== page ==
Jaye, 26, is a right-handed pitcher with some big-league experience (12.08 ERA in 12.2 innings) with Detroit last season. He’s worked almost exclusively as a starter in the minors, with so-so results (4.30 ERA in Double-A, 3.62 in Triple-A) and shaky peripherals. It’s possible his stuff could play up in the bullpen, though he might be a contingency plan in Triple-A Rochester as a starter to open the season. In his brief MLB time, he averaged 89.6 mph on his fastball while mixing in a slider (20.5 percent), curve (11.9 percent) and a show-me changeup (7.1 percent).
Kohn has spent parts of five seasons in the big leagues, spinning a 3.52 ERA between the Angels (four years) and the Braves (one) over 115 innings. It’s not all it seems, however, as Kohn has thrown fewer than 30 MLB innings since Opening Day 2014, and overall he’s got a FIP of 4.94, a 1.42 WHIP and 8.7 K/9 against 6.2 BB/9. That his WHIP is still in the stratosphere despite all those walks suggests one thing — he must be pretty hard to hit.
…which is absolutely true, as opposing batters have hit just .203/.337/.357 against him in his career. He may be turning 32 in June and coming off rotator cuff surgery that basically cost him the last two seasons, but he’s still fairly intriguing.
Reed was the team’s fifth-round pick in the 2014 draft, and went unselected in the Rule 5 draft this past winter when the team didn’t add him to the 40-man roster. That was a little surprising given his fairly strong numbers as a 24-year-old at Triple-A Rochester last season — 2.05 ERA, 1.14 WHIP in 30.2 innings, 25-11 K/BB ratio — but it’s possible teams didn’t think he’d miss enough bats at the next level. Teams rarely go for safer, middle relief types in that draft and most often shoot for the stars, but Reed should be able to help the Twins at some point this season if the need arises. His swinging strike rate was 11 percent with the Red Wings last season, and opposing batters hit just .224/.306/.271 against him with no real platoon split. How he wasn’t selected is baffling.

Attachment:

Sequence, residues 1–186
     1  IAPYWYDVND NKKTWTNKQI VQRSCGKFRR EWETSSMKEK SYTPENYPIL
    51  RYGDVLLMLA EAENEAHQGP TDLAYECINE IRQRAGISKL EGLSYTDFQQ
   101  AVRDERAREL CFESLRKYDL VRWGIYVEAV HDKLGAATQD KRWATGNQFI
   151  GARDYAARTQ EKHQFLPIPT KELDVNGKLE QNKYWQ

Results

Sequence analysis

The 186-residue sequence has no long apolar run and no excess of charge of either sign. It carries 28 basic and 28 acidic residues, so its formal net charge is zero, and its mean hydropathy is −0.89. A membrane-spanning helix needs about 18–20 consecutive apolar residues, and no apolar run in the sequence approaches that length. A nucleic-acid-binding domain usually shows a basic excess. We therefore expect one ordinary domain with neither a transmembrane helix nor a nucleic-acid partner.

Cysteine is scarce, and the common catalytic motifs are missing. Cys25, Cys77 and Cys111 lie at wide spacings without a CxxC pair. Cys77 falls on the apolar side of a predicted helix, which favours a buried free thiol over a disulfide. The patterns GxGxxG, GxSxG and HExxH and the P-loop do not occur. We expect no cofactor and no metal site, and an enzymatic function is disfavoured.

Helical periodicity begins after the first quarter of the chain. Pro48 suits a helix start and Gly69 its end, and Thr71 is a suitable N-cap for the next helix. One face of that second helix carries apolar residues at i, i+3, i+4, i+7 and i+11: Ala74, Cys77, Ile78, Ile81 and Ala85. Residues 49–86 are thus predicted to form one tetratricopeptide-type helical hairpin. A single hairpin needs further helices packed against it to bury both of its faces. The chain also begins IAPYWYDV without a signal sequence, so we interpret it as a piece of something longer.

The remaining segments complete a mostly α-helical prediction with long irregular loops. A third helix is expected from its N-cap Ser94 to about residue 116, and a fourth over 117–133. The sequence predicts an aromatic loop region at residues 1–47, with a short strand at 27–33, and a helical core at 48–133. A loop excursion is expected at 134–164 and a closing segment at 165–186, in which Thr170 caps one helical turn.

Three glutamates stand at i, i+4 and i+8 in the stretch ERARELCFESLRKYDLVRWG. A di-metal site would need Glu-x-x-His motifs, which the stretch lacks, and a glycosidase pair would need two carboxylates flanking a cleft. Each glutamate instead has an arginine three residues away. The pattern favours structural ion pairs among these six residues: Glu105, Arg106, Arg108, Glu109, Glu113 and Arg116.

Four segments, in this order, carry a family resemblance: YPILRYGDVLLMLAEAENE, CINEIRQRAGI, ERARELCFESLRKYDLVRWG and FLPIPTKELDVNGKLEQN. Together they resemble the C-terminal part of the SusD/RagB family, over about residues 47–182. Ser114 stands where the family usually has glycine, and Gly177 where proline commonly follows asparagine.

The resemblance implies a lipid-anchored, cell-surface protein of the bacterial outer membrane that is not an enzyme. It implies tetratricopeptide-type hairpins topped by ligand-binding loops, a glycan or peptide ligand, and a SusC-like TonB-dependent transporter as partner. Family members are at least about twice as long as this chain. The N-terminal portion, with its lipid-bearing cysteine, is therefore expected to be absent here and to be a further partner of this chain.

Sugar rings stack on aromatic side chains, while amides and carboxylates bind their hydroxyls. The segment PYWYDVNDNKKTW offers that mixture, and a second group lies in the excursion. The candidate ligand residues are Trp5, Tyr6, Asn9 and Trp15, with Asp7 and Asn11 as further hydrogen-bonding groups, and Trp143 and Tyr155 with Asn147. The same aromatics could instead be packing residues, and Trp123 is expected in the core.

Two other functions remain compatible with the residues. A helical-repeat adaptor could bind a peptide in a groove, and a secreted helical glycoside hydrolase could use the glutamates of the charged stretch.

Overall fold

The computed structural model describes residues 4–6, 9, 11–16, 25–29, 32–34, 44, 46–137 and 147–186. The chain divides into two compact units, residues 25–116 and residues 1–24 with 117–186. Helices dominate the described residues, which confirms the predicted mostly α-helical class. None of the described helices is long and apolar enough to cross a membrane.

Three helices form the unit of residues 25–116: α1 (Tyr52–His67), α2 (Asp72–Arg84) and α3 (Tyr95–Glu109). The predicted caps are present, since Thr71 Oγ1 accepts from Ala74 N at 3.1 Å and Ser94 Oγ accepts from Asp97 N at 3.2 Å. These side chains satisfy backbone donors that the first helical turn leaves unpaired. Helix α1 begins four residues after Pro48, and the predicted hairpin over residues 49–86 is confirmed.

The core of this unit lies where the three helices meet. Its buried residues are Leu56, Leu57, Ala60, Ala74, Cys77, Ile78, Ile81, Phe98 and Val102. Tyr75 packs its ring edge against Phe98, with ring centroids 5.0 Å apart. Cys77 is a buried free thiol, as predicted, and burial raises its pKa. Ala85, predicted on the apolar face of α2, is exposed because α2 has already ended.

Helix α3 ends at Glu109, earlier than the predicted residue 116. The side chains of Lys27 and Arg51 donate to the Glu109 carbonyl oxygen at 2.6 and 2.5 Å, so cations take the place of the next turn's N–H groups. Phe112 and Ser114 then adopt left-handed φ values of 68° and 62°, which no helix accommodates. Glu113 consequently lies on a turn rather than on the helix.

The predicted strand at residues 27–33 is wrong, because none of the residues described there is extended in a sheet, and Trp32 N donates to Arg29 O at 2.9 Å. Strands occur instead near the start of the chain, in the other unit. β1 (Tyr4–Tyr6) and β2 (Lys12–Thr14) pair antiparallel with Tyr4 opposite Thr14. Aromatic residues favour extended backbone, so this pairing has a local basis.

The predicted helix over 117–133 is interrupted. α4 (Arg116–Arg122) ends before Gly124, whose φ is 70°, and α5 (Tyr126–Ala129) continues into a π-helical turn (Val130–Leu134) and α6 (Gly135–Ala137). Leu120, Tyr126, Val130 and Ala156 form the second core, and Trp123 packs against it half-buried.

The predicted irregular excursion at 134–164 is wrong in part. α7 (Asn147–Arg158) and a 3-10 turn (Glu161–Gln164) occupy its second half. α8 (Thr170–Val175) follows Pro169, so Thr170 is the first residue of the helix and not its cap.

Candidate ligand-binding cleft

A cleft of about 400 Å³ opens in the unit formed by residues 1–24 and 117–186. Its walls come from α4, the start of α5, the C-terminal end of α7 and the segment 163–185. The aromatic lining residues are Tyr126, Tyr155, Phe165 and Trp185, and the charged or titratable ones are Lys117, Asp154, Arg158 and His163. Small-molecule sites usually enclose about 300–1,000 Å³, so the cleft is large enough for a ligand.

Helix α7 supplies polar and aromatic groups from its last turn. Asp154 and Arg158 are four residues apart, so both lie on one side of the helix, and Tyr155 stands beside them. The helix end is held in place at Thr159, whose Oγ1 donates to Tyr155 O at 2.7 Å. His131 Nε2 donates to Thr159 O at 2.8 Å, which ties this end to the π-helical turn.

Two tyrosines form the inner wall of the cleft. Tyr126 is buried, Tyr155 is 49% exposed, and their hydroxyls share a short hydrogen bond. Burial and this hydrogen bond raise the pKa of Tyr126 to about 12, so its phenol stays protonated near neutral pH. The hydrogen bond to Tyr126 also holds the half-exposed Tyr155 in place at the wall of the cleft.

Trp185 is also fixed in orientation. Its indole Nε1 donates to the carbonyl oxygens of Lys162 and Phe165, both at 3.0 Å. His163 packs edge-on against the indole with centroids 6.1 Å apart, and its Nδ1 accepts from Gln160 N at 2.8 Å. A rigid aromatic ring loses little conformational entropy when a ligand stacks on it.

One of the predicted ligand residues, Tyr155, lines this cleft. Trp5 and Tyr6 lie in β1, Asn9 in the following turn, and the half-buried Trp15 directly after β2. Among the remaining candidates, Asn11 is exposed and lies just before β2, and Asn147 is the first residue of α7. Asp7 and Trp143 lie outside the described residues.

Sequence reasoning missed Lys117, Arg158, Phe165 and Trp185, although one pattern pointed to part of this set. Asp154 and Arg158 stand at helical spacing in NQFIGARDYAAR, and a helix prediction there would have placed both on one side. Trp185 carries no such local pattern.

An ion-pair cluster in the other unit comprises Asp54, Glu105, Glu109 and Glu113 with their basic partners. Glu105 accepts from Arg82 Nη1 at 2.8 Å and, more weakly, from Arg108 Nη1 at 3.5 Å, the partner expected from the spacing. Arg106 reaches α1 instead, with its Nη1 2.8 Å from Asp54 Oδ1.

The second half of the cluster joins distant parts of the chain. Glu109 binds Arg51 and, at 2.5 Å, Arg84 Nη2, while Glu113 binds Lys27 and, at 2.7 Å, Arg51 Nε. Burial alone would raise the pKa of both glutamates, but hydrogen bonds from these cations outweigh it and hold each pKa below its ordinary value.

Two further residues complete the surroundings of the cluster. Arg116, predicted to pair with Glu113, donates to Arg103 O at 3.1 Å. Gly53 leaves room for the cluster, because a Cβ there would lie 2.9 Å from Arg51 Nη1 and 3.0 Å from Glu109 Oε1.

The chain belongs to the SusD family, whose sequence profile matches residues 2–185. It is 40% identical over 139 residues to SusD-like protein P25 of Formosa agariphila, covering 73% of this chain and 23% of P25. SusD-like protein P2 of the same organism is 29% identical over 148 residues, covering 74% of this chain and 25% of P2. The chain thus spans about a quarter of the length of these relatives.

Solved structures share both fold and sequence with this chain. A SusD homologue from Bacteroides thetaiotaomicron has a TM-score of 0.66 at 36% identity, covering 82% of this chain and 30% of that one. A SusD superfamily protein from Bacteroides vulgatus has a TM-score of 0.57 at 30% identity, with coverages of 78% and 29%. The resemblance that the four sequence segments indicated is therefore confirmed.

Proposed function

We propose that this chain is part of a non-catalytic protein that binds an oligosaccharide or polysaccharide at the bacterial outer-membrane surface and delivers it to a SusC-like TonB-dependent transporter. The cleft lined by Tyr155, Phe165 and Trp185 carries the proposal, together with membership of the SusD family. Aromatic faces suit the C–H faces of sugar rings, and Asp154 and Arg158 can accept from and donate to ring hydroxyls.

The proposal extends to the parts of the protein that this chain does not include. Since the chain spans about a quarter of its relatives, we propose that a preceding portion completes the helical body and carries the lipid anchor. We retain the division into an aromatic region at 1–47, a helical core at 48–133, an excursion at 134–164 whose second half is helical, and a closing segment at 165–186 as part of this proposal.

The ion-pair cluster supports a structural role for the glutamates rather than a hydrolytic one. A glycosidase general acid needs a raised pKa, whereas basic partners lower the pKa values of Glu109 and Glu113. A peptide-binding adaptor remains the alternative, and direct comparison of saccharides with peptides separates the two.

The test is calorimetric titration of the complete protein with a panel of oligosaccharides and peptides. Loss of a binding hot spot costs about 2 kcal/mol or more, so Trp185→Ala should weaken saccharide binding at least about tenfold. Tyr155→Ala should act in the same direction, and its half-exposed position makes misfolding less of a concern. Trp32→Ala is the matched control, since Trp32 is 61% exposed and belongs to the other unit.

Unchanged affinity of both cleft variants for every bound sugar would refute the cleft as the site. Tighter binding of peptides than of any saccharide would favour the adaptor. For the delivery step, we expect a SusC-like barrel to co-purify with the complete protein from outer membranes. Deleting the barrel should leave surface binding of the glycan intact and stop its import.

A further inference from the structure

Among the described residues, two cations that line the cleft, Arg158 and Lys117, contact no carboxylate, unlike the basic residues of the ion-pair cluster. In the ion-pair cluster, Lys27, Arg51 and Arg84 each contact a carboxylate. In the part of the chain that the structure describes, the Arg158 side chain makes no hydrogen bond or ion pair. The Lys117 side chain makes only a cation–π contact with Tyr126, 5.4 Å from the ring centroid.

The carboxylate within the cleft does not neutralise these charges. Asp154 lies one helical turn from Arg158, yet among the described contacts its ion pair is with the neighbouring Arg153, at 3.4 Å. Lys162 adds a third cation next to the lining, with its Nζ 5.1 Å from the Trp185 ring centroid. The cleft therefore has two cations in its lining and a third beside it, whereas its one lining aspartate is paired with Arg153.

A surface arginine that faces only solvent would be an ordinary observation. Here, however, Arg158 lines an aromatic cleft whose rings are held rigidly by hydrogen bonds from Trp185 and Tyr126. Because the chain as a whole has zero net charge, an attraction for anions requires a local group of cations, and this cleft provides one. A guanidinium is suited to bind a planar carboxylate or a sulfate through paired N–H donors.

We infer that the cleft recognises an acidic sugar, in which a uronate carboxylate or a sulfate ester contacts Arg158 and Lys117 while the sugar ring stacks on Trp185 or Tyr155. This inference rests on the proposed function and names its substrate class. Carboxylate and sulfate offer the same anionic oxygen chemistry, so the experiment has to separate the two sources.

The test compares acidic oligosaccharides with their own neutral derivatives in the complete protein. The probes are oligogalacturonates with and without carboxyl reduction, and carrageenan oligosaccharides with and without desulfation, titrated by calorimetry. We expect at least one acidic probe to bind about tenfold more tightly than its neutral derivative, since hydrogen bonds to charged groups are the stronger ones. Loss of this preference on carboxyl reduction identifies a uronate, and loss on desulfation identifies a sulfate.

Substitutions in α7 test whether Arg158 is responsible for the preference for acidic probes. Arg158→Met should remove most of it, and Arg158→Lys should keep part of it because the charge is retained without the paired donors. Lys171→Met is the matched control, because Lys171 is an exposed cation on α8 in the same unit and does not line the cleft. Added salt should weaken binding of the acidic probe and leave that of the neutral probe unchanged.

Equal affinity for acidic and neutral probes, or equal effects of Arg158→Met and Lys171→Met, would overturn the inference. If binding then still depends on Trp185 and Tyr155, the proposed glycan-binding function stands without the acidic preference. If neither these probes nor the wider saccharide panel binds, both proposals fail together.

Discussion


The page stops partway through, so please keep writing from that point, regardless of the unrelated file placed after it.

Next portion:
Astudillo, 26, is a favorite in the prospect community because of his squat build — 5-foot-9, 225 pounds — and his extreme contact abilities. Astudillo struck out just five times in 128 plate appearances with Triple-A Reno last year (3.9 percent), and has not struck out more than 5.0 percent of the time at any level. He’s a career .311/.350/.401 hitter who basically only hits singles and never walks. He’s a baseball unicorn.
Navarreto is regarded as a glove-first catcher who has hit just .209/.260/.297 in five seasons on the farm. The Twins took him in the sixth round in 2013 in their draft of catchers — Mitch Garver (ninth round) and Stuart Turner (third round) were also selected — and thus far his biggest value has been behind the plate, where he’s thrown out more baserunners (64) than he’s allowed successful steals (63). Teams invite numerous catchers to camp so they have enough bodies to catch all the pitchers who are in camp as well. Realistically, Navarreto has no chance to make the Twins.
Wilson has a slightly better chance, though it’d be a huge upset if Garver isn’t the second catcher come Opening Day. Wilson debuted in the big leagues in 2008 and has seen time in eight seasons, but has hit just .214/.268/.319 in 324 games. His best offensive season came in 2010 with the Angels, where he hit .229/.288/.417 with four of his 16 career home runs. Wilson is a career .273/.333/.409 hitter in the minors (882 games, 3,555 PA) and despite throwing out just 25 percent of baserunners in MLB is regarded as a good defender back there.